Eye For Film >> Movies >> Lovelace (2013) Film Review
Reviewed by: Stuart Crawford
Have you ever wondered what really went on in the life of Linda Lovelace, star of notorious Seventies porn flick Deep Throat? I haven't, but then I'm a product of the Eighties and I suspect I'm not really the target audience. Still, someone decided it was worth taking a (somewhat lopsided) look at Linda's life, and you know what? They were right.
Lovelace is an immersive film. It immerses you in the trappings of the 1970s: the fashions, the attitudes, the grain of fast film stock. It immerses you in the early life of Linda Susan Boreman: from her family home to falling in with future husband Chuck Traynor and the beginnings of her movie career. It lets you get to know her in a surprisingly short span - she's sympathetic, easily likeable - and then it immerses you in horror.
Not sensational, flashy, Hollywood horror, but the everyday humdrum horror of sheer human awfulness. Lighthearted moments from the first half of the film are revisited and given context that casts them in a far more disturbing light. There are hints of Chuck's abusiveness throughout, but it's only as the film progresses that we discover he's a rapist, a wife-beater and a pimp. Worse, perhaps, is the number of people who seemingly realise but turn a blind eye. It's a clever juxtaposition of emotional notes only slightly undermined by the wide-eyed innocence of Linda and the nigh-cartoonish villainy of almost everyone else.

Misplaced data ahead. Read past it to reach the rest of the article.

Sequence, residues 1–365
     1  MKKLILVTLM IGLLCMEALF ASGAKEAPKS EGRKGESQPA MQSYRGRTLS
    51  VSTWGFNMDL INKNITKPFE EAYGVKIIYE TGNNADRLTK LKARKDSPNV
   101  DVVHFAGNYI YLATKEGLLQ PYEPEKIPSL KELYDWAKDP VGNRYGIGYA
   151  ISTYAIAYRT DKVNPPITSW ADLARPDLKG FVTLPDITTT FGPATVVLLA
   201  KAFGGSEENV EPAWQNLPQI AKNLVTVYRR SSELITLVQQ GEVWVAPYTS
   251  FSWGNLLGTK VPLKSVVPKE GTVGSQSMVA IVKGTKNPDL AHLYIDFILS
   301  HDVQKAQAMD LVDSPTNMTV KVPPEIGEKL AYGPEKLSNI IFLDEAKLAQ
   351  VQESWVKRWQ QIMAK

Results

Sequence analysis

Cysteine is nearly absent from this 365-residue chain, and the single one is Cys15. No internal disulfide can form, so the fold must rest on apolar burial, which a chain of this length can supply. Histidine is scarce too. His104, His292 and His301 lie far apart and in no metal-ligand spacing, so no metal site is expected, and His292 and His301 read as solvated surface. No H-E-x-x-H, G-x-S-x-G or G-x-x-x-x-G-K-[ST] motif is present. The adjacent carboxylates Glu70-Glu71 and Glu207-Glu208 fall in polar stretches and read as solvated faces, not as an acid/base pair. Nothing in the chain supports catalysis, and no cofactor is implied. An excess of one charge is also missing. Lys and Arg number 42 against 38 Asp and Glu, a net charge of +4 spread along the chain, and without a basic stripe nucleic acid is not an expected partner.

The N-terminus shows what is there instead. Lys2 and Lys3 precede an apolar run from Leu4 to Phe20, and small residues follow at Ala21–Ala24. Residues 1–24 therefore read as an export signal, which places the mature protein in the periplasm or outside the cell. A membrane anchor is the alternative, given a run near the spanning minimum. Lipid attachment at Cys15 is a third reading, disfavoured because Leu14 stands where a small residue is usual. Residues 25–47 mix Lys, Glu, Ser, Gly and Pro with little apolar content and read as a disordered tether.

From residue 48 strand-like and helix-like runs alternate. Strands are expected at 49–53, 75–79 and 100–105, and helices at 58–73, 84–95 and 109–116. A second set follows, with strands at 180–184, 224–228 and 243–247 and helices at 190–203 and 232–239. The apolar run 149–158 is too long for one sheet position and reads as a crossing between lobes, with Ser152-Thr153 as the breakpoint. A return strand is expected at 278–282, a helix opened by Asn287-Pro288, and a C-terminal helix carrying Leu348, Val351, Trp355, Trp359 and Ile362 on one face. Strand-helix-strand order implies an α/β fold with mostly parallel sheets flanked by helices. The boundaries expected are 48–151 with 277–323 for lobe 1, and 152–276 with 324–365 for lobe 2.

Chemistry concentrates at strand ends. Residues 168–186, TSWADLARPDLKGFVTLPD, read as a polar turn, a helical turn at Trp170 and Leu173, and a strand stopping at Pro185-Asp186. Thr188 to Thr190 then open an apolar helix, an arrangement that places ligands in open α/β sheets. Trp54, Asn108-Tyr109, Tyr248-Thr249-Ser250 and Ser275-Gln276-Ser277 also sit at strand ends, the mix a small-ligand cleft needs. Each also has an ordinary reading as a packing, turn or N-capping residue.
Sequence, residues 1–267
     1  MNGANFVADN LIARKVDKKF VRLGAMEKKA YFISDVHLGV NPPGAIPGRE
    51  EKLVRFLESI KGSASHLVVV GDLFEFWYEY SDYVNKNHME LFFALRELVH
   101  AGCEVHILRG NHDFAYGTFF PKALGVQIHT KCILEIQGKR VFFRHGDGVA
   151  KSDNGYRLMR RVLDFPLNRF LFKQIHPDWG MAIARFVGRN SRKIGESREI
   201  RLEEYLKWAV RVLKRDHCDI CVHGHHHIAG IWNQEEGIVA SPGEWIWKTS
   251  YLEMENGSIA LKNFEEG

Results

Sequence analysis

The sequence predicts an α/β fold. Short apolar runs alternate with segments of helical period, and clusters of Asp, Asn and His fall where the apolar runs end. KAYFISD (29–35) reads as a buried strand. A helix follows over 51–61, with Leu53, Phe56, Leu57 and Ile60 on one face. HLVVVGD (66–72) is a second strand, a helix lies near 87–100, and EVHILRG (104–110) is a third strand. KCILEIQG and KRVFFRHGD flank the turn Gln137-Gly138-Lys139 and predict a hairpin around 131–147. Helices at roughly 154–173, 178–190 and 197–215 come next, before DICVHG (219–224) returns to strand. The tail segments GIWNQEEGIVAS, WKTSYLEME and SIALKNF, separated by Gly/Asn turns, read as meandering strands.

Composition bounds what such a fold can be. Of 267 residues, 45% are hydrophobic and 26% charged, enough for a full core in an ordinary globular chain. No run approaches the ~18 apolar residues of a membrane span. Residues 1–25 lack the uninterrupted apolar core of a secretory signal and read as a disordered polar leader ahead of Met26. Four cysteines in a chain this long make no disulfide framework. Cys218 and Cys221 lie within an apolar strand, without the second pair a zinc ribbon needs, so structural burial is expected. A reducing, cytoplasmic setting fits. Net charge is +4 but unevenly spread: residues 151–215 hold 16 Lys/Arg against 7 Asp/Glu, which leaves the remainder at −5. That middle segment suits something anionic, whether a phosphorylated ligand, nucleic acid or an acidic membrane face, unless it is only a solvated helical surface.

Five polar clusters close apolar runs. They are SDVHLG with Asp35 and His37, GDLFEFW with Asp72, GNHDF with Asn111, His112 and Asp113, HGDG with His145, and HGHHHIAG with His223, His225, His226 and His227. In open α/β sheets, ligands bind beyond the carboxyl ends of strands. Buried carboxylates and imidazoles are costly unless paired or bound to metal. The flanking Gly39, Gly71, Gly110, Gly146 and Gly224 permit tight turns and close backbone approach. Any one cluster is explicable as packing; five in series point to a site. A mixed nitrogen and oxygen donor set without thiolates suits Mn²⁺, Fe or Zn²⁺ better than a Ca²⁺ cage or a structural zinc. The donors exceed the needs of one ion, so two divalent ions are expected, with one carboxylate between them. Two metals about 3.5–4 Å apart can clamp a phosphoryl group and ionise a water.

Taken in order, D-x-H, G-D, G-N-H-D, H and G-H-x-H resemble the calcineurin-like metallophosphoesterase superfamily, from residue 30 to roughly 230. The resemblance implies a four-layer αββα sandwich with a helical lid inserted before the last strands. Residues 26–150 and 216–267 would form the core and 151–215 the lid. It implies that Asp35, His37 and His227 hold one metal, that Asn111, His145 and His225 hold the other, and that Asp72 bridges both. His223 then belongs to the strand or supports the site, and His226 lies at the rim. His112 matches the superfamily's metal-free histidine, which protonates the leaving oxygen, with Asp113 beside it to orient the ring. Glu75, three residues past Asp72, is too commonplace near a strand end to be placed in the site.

A lesser cast would have a hard time selling this black and white narrative in 1970s Eastmancolor, but everyone here excels. Peter Sarsgaard somehow grounds Chuck Traynor's excesses in a believable, charismatic figure. An almost unrecognisable Sharon Stone turns in a tremendous performance as Linda's mother. It's Amanda Seyfried as Linda herself, however, who truly steals the show. Even as you know you're being somewhat clumsily manipulated, you can't help but feel for her. The harrowing latter half of the film could easily have become alienating, but Seyfried makes it compelling.
Essentially, Lovelace is a sensationalised morality tale based loosely on real events. For a more in-depth look at Linda's brief film career, check out Inside Deep Throat. For a broader look at the US porn industry of the 1970s, pick up Boogie Nights. For an engaging, and often chilling look at the horrors of domestic violence, though, you could do a lot worse than to watch Lovelace.Reviewed on: 26 Aug 2013